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Conservation laws

As we have already seen, gravity is a conservative force. Hence, the gravitational force in Equation (4.1) can be written (see Section 2.4)

$\displaystyle {\bf f} = - \nabla U,$ (4.3)

where the potential energy, $ U({\bf r})$ , of our planet in the Sun's gravitational field takes the form

$\displaystyle U({\bf r}) = - \frac{G\,M\,m}{r}.$ (4.4)

(See Section 3.5.) It follows that the total energy of our planet is a conserved quantity. (See Section 2.4.) In other words,

$\displaystyle {\cal E} = \frac{\varv^{\,2}}{2} - \frac{G\,M}{r}$ (4.5)

is constant in time. Here, $ {\cal E}$ is actually the planet's total energy per unit mass, and $ {\bf v} = d{\bf r}/dt$ .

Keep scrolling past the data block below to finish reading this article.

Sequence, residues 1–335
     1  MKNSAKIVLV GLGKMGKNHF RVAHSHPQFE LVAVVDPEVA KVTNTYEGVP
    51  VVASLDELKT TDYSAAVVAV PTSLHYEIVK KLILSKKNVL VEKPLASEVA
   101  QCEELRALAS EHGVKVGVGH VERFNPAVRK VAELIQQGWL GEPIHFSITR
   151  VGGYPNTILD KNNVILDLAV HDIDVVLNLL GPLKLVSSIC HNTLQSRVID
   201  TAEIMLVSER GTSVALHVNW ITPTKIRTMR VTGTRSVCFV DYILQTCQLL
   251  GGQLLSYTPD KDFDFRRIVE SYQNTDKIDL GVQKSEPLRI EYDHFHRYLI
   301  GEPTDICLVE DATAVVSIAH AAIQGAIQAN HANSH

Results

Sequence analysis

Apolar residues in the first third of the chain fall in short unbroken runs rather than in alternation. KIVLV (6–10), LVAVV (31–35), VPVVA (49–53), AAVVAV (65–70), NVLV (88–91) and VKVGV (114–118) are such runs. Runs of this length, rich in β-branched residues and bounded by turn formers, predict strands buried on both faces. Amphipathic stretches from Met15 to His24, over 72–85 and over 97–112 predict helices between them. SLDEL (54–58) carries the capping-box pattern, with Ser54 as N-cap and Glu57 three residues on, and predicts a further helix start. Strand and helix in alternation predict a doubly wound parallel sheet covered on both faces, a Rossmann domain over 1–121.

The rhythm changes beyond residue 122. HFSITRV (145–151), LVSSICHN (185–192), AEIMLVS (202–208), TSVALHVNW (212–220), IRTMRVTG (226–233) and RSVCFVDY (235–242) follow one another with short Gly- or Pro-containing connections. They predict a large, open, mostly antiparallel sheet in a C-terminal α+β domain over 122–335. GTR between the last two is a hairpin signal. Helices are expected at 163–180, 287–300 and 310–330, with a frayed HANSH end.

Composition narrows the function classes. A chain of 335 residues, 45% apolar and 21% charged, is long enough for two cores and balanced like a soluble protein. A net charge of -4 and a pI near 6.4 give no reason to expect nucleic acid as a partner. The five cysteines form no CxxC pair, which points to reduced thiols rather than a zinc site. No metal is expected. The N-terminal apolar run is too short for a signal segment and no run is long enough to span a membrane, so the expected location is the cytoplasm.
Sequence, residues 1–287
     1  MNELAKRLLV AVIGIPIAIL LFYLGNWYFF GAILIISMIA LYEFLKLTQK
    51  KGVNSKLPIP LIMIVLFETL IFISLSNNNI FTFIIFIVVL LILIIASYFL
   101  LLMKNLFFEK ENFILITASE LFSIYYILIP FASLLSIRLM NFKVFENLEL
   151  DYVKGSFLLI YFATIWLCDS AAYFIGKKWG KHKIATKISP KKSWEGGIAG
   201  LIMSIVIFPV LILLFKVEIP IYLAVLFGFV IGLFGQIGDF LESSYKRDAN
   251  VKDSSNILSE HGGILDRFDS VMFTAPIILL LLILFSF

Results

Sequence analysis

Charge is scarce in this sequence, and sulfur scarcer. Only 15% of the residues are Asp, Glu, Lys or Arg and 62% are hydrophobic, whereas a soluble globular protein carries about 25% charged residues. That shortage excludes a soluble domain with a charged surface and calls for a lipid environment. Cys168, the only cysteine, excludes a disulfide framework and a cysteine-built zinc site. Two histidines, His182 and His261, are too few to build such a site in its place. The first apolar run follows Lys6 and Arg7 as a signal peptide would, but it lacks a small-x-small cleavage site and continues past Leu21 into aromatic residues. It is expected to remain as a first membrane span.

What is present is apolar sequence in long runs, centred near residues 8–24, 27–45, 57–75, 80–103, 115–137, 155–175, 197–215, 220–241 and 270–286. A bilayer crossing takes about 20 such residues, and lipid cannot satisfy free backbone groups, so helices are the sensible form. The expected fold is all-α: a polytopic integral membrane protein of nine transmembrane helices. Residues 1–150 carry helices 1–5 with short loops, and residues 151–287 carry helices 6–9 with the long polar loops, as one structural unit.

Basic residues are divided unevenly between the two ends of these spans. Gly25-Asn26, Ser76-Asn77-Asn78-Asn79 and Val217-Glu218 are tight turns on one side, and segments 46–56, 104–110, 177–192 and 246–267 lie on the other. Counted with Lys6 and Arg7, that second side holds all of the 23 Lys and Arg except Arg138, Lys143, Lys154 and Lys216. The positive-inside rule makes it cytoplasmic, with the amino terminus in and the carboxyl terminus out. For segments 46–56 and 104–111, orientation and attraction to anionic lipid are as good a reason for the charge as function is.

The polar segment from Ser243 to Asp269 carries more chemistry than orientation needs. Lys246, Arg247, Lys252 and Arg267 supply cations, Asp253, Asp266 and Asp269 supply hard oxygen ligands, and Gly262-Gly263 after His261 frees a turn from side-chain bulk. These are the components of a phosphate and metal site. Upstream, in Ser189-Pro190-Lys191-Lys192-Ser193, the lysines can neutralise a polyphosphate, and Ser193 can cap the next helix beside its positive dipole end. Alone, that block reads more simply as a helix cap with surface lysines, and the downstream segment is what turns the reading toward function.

Gravity is also a central force. Hence, the angular momentum of our planet is a conserved quantity. (See Section 2.5.) In other words,

$\displaystyle \index{orbital parameter!angular momentum} {\bf h} = {\bf r}\times {\bf v},$ (4.6)

which is actually the planet's angular momentum per unit mass, is constant in time. Assuming that $ \vert{\bf h}\vert>0$ , and taking the scalar product of the preceding equation with $ {\bf r}$ , we obtain

$\displaystyle {\bf h}\cdot{\bf r} = 0.$ (4.7)

This is the equation of a plane that passes through the origin, and whose normal is parallel to $ {\bf h}$ . Because $ {\bf h}$ is a constant vector, it always points in the same direction. We, therefore, conclude that the orbit of our planet is two-dimensional; that is, it is confined to some fixed plane that passes through the origin. Without loss of generality, we can let this plane coincide with the $ x$ -$ y$ plane.

Figure 4.1: Plane polar coordinates.
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next up previous
Next: Plane polar coordinates Up: Keplerian orbits Previous: Kepler's laws
Richard Fitzpatrick 2016-03-31